Cumulative climate impact
Seeing the momentum of aggregate actions to curb the impacts of climate change is exciting and inspiring. With international goals in place, we’ll continue to see new climate initiatives resulting in larger, positive impacts from all types of organizations. The SDGs have already begun to spur collaborative action and this type of cumulative impact will continue to grow as the SDGs mature.
At Ingersoll Rand, our Climate Commitment is driving our actions to reduce greenhouse gas emissions and lower our carbon footprint and we’re using SDGs to help create partnerships to address these often complicated and critical global issues. With sustainability as a lens and driver for your 2017 business plans, you’ll position yourself as a sector leader, uncover new ways to deliver value, and most importantly unlock opportunities to take part in solving the impacts of climate change beyond your own organization.
All but two UK regions failing on school energy efficiency
Most schools are still "treading water" on implementing energy efficient technology, according to new analysis of Government data from eLight.
Yorkshire & the Humber and the North East are the only regions where schools have collectively reduced how much they spend on energy per pupil, cutting expenditure by 4.4% and 0.9% respectively. Every other region of England increased its average energy expenditure per pupil, with schools in Inner London doing so by as much as 23.5%.
According to The Carbon Trust, energy bills in UK schools amount to £543 million per year, with 50% of a school’s total electricity cost being lighting. If every school in the UK implemented any type of energy efficient technology, over £100 million could be saved each year.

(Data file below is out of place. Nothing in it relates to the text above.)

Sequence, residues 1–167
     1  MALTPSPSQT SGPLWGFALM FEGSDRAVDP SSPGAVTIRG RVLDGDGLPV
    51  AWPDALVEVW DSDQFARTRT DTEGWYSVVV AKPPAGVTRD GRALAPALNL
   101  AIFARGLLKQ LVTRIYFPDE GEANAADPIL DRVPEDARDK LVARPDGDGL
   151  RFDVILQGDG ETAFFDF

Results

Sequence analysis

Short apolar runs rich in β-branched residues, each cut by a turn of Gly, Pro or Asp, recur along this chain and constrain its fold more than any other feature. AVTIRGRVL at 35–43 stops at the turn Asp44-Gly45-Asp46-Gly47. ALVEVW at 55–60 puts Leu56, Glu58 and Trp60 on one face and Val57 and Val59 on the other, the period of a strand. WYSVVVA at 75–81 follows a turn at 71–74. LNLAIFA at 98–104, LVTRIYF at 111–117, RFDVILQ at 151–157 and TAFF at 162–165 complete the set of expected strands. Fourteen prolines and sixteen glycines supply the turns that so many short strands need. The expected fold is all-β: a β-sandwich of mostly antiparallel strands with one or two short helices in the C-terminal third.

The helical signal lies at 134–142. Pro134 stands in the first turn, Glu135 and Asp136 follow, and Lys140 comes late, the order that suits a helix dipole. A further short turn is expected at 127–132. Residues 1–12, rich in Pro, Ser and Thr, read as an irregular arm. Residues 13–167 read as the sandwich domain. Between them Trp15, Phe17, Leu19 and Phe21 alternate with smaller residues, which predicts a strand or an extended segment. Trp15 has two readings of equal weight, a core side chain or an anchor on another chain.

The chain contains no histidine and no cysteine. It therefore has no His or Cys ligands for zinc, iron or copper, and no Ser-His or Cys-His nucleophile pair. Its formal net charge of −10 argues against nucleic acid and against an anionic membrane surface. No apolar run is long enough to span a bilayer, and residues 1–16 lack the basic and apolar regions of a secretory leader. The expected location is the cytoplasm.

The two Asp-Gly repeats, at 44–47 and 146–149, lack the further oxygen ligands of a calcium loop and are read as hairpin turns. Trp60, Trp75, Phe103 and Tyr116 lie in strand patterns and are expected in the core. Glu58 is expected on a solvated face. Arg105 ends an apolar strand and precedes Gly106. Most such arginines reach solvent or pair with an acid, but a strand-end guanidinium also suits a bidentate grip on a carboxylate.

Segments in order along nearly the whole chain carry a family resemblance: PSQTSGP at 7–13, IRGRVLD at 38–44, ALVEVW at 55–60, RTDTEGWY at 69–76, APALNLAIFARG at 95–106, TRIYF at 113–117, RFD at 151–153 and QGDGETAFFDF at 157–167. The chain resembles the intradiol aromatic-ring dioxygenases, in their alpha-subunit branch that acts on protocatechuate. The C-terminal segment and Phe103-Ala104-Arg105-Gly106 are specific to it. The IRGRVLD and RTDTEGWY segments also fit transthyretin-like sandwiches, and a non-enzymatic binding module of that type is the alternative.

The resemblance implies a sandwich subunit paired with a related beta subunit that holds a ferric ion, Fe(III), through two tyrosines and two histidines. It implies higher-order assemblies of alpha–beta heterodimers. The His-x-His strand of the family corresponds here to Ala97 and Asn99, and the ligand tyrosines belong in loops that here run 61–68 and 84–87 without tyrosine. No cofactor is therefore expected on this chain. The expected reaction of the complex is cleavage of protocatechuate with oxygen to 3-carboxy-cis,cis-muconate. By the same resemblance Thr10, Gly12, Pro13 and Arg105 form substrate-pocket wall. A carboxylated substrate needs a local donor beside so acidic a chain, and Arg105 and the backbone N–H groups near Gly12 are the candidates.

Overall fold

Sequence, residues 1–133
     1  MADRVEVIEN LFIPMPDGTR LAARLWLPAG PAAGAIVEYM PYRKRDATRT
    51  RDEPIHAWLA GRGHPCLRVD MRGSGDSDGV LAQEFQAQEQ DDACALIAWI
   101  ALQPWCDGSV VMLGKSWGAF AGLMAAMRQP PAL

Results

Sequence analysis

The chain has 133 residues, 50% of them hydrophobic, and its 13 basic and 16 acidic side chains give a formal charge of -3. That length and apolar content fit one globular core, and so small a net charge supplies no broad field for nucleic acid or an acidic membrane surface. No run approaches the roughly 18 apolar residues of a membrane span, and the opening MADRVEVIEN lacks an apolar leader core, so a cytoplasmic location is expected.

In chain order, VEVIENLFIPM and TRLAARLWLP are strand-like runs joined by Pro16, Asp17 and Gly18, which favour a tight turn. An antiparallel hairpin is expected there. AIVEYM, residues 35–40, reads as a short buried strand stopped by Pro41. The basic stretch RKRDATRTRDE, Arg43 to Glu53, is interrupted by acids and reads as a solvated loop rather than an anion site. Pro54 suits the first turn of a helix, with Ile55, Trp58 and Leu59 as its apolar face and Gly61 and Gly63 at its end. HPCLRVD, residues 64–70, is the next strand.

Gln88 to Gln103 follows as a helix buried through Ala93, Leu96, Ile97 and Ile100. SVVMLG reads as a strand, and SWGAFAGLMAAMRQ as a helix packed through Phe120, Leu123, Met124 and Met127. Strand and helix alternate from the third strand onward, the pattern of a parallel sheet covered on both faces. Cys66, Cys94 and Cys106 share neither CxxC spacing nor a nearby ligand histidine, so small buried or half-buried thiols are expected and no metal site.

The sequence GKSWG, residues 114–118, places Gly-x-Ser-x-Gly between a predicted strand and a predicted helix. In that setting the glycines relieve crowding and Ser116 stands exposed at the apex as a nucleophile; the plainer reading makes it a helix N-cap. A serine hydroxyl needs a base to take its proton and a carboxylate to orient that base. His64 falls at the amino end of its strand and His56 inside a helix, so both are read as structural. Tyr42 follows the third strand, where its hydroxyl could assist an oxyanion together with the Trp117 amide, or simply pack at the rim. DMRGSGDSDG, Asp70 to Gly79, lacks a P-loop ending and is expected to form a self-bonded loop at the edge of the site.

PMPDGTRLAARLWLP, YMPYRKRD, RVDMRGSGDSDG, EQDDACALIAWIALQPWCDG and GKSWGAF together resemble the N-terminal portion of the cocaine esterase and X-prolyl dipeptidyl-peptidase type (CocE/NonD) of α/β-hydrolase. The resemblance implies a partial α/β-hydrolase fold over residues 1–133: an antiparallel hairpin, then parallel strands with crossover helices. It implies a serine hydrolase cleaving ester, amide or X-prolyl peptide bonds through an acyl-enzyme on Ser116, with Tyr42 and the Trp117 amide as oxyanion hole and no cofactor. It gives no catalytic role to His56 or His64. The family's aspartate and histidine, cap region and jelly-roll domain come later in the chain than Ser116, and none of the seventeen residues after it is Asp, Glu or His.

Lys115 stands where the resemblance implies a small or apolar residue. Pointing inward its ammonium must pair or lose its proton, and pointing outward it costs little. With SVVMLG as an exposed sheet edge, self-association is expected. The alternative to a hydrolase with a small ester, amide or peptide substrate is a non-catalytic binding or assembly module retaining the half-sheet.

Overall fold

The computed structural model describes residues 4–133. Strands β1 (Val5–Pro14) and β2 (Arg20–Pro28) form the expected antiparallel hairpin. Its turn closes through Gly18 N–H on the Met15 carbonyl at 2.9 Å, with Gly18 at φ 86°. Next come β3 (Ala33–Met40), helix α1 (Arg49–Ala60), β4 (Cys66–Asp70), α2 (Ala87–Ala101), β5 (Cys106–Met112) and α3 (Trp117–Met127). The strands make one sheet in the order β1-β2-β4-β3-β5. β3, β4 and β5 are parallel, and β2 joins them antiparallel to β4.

Harvey Sinclair, CEO of eEnergy, eLight’s parent company, said the figures demonstrate an uncomfortable truth for the education sector – namely that most schools are still treading water on the implementation of energy efficient technology. Energy efficiency could make a huge difference to meeting net zero ambitions, but most schools are still lagging behind.
“The solutions exist, but they are not being deployed fast enough," he said. "For example, we’ve made great progress in upgrading schools to energy-efficient LED lighting, but with 80% of schools yet to make the switch, there’s an enormous opportunity to make a collective reduction in carbon footprint and save a lot of money on energy bills. Our model means the entire project is financed, doesn’t require any upfront expenditure, and repayments are more than covered by the energy savings made."
He said while it has worked with over 300 schools, most are still far too slow to commit. "We are urging them to act with greater urgency because climate change won’t wait, and the need for action gets more pressing every year. The education sector has an important part to play in that and pupils around the country expect their schools to do so – there is still a huge job to be done."
North Yorkshire County Council is benefiting from the Public Sector Decarbonisation Scheme, which has so far awarded nearly £1bn for energy efficiency and heat decarbonisation projects around the country, and Craven schools has reportedly made a successful £2m bid (click here).
The Department for Education has issued 13 tips for reducing energy and water use in schools.